The crested porcupine has characteristic skull morphology with an enlarged nasal cavity, fused shin and calf bones, and reduced collar bone.
The crested porcupine’s skull morphology is characteristic in several ways.
The crested porcupine’s infraorbital foramen is greatly enlarged so that portions of the masseter extend through it and arise from the frontal side surface of the animal’s snout, resulting in a hystricomorphous condition.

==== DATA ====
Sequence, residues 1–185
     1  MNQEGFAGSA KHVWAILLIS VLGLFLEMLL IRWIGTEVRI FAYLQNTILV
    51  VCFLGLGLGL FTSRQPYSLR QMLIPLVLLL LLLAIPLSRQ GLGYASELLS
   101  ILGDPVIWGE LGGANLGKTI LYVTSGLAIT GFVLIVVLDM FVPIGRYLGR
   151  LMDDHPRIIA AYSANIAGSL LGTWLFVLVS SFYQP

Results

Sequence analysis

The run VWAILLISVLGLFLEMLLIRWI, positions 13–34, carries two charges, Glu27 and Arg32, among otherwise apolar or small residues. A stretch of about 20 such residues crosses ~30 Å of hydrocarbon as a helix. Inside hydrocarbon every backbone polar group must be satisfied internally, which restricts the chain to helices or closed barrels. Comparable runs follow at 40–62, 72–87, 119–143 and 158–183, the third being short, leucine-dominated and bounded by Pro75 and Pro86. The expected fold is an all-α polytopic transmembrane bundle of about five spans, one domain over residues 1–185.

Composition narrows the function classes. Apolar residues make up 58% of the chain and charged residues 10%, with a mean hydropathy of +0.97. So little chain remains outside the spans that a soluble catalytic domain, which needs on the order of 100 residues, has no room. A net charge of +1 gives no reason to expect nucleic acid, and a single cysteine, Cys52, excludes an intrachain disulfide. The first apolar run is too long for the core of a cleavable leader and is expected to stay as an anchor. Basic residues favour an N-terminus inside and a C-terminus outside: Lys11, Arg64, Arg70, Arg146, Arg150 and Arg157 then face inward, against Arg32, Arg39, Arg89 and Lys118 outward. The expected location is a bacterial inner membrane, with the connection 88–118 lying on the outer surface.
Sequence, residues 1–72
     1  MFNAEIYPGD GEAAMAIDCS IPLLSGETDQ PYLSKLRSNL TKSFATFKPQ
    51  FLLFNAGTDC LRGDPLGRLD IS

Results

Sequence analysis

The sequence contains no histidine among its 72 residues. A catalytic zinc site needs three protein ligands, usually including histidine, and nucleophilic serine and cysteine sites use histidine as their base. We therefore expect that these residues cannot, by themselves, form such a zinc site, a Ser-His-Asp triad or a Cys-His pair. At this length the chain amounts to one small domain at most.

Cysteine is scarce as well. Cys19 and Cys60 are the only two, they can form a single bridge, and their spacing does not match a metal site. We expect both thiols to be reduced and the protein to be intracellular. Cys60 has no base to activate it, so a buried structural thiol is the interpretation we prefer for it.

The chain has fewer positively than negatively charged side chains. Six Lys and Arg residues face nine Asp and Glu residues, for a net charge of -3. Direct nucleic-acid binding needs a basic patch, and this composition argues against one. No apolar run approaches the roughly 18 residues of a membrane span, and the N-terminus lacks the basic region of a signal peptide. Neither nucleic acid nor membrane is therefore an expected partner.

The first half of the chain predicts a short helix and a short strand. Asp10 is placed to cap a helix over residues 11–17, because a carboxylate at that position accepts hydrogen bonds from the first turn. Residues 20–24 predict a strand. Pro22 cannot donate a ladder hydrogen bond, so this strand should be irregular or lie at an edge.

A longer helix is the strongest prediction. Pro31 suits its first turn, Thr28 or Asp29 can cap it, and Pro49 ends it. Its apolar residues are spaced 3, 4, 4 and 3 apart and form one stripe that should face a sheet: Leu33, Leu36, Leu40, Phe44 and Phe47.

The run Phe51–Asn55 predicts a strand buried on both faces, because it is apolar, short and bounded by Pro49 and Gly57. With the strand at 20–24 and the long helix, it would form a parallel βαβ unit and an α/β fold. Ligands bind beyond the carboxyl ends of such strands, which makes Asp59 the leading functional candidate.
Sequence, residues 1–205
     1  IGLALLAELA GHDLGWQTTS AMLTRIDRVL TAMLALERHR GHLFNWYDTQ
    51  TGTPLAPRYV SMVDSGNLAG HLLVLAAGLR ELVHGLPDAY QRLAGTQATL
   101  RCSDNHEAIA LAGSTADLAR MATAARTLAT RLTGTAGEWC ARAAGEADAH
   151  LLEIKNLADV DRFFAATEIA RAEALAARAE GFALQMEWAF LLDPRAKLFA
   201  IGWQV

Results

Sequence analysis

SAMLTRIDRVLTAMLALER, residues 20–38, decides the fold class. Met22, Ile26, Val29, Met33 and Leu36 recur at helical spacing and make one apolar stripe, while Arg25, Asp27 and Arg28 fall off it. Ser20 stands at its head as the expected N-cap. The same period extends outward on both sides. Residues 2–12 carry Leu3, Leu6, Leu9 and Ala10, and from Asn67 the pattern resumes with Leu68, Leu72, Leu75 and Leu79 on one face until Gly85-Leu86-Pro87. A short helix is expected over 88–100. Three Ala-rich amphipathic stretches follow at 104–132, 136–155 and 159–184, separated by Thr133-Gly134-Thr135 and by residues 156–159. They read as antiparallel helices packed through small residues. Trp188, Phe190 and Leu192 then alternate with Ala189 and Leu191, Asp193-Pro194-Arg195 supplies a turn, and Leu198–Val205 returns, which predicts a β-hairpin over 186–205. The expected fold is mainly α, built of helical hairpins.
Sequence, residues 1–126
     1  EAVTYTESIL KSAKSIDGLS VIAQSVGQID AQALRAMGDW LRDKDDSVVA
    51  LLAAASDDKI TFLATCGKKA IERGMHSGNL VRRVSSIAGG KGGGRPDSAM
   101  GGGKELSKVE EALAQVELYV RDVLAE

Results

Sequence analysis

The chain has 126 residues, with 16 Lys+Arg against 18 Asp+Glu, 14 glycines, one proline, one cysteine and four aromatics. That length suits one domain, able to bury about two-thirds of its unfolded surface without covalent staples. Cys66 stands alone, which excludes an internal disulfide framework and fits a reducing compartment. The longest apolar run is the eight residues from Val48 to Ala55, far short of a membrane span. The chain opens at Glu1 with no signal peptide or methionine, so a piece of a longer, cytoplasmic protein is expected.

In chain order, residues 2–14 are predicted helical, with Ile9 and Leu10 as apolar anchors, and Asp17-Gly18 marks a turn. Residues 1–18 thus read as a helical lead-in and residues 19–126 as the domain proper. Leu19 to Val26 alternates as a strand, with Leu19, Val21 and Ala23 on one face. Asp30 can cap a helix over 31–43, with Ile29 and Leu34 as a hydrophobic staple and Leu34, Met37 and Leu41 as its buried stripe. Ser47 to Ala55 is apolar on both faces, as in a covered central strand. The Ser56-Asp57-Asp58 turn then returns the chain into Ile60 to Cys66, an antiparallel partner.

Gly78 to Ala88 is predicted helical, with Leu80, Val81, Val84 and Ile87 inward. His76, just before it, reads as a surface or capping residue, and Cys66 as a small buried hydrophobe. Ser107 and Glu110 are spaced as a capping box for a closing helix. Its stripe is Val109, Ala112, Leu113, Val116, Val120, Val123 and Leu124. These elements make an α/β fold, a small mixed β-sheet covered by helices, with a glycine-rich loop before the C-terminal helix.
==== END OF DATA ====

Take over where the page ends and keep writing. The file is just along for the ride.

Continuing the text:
The porcupine’s angular process is inflected on the lower jaw and the animal’s nasal cavity is enlarged.
Prominent pocket-like inflations are prominent in the skull, upper jaw, and lacrimal and turbinate bones. The reasons for such pockets are unknown, however they do create enlarged areas of attachment for chewing muscles and could possibly allow the animal to smell underground bulbs during dry periods or wet dry inhaled air.
The crested porcupine’s shin and calf bones are fused and the collar bone is greatly reduced.